Some are stringent and prefer not to rely on mekhirat chametz since it appears fictitious: the chametz remains in the Jew’s house, the gentile will almost certainly not come to take it, and the Jew resumes eating the very same chametz as soon as Pesach is over. According to these poskim, it is only possible to sell chametz in order to prevent a great loss; concerning a small loss, one should not sell his chametz, in order to avoid possible transgression.

A Recommendation for All – Sell Uncertain Products

Nowadays, all are advised to participate in mekhirat chametz, because some food products and flavored medicines may contain small amounts of chametz, and they should not be destroyed just because of this possibility. On the other hand, these must not be kept because they may actually contain chametz. Therefore, to avoid all doubt, the best thing to do is to sell them. Similarly, there are those who maintain that one who has money invested directly or indirectly in stock of companies that produce chametz must sell these shares before Pesach. Consequently, all chametz sale documents include clauses regarding stocks and shares in these types of companies.

Concerning chametz gamur, people are advised not to sell insignificant amounts of chametz, so as not to use the mekhirat chametz for small needs. However, when a significant loss is involved, it is permitted, even le-khatchila, to sell the chametz.

Not to be Meticulous about Questions Concerning Uncertain Chametz

There are people who, because of their concern about the opinion of the stringent poskim who claim the sale is a fiction, wish to avoid it as much as possible. As a result, they often bother rabbis with various questions: first, about all the products in their home that do not have kashrut for Pesach – are they considered actual chametz or uncertain chametz, and whether they should be sold or not. Second, after they realize they contain uncertain chametz, whether their value justifies relying on the sale.

However, there is no point in bothering rabbis with such questions, for today, the sale is designed to resolve them. In other words, any uncertain product should be included in the sale.

When is it Permissible to Use Chametz after Pesach?

After Pesach, it is best not to use the chametz that was sold until one can assume that the Chief Rabbinate has bought it all back for all. When necessary, though, one may take out some chametz immediately after Pesach with a willingness to pay the gentile for it, were he to request this. It is best that the beit din make an explicit condition with the gentile that the Jew will be obligated to pay for any sold chametz he takes, if the gentile so desires. Thus, there will be no question about the Jew taking chametz immediately after Pesach.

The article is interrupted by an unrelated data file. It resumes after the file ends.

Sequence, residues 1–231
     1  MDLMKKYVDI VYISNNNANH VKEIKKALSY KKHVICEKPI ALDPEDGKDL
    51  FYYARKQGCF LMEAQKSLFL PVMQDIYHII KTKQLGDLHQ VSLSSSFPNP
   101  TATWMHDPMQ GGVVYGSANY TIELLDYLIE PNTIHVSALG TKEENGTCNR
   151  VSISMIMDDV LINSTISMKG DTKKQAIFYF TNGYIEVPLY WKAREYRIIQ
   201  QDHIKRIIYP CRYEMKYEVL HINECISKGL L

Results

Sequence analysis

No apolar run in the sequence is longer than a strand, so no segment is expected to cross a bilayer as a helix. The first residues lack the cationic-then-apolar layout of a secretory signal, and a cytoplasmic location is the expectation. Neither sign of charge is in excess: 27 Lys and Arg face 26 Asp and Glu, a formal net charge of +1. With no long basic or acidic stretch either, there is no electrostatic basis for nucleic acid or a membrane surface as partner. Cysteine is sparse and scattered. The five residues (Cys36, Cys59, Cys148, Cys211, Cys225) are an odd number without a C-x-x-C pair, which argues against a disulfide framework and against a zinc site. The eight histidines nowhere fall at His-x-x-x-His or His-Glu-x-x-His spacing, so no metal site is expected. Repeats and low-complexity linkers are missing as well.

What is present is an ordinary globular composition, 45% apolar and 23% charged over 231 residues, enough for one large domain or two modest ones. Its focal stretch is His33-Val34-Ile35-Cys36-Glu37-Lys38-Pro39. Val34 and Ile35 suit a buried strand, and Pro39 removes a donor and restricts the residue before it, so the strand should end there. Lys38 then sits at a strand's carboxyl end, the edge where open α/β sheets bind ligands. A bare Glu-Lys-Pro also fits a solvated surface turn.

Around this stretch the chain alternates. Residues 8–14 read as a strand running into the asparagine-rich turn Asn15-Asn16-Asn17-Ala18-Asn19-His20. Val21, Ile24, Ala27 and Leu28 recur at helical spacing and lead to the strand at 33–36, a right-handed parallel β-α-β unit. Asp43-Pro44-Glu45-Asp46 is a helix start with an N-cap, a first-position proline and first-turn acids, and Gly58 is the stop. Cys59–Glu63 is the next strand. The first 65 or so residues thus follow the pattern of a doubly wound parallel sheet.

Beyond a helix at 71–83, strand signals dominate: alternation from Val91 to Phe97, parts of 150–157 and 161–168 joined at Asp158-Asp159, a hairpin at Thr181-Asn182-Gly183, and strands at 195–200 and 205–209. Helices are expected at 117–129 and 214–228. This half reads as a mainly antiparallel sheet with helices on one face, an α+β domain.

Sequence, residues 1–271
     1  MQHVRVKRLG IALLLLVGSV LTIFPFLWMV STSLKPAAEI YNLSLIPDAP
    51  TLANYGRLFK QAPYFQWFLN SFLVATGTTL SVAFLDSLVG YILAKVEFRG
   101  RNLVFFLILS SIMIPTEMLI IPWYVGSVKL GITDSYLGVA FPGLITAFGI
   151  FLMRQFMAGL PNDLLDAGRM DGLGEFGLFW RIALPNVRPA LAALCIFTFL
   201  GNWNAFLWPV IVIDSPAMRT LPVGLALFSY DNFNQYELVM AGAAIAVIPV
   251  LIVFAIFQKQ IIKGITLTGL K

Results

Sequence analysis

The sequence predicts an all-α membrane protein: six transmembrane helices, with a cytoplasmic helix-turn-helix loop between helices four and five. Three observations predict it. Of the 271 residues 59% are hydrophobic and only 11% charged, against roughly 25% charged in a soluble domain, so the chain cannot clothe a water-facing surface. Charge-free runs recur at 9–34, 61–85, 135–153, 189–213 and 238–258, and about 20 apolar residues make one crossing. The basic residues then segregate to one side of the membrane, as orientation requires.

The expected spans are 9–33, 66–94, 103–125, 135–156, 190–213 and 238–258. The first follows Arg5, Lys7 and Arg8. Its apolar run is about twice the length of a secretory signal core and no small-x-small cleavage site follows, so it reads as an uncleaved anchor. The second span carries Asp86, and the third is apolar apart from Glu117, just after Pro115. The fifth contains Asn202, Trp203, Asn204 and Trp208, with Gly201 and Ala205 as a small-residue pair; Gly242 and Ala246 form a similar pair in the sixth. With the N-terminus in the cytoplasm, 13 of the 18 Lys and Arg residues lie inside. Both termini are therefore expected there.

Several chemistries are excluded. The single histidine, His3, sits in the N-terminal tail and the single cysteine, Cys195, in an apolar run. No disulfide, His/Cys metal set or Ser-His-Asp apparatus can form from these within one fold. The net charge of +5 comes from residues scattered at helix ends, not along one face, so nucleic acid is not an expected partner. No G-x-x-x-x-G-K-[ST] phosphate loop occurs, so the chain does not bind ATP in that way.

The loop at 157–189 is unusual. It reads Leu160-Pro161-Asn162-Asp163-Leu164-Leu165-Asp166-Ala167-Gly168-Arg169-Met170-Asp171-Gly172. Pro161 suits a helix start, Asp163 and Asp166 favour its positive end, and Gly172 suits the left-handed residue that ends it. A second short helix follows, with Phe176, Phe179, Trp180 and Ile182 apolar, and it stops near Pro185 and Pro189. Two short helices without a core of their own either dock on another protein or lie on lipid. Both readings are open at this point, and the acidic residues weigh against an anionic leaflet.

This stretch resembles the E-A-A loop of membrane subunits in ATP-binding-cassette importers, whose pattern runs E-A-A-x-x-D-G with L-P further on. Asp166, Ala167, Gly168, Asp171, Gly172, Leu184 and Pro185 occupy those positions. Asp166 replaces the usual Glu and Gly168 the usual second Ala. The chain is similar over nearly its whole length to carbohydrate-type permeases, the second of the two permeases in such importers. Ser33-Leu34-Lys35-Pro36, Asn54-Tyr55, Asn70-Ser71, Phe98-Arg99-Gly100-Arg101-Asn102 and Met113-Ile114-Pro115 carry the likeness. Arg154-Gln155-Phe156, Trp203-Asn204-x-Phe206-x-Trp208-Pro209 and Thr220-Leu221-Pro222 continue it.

Chametz That Was Sold – The Stringent Poskim, and the Halakha

Some people are strict and do not eat chametz that was sold because, according to stringent poskim, such a sale is not legitimate and this chametz has the status of chametz she-avar alav ha-Pesach (chametz that belonged to a Jew during the holiday), which one may neither eat nor derive benefit from.

In practice, however, one need not be concerned about complying with this stringency, because the prohibition of chametz she-avar alav ha-Pesach is rabbinic, and whenever there is uncertainty about a rabbinic law, halakha follows the lenient opinion. This is all the more true where only a small number of poskim are strict, while the overwhelming majority permit. Indeed, there were eminent rabbis who, after Pesach, would make a point of eating chametz that had been sold through mekhirat chametz, in order to demonstrate that the sale was done in keeping with halakha.

This article appears in the ‘Besheva’ newspaper and was translated from Hebrew. For a further study of the laws of Pesach and its meanings, Rabbi Melamed’s “Peninei Halakha: Laws of Pesach” can be found at:

The Practical Halakha of Tiny Insects

Summary of the controversy over tiny insects: According to the rules of halakha one should act leniently, but because of modern technology heightening our awareness of tiny insects, and providing options for identifying and exterminating them, there is room for the stringent opinion as well * The middle approach:  Do the normal actions required to remove insects, but not in a manner that causes considerable inconvenience or expense * In large factories and kitchens sometimes stringent procedures should be set in order to maintain basic kashrut * The practical halakha – what to do according to each opinion in regards to leafy vegetables, cauliflower and broccoli, corn, strawberries, green onions and leeks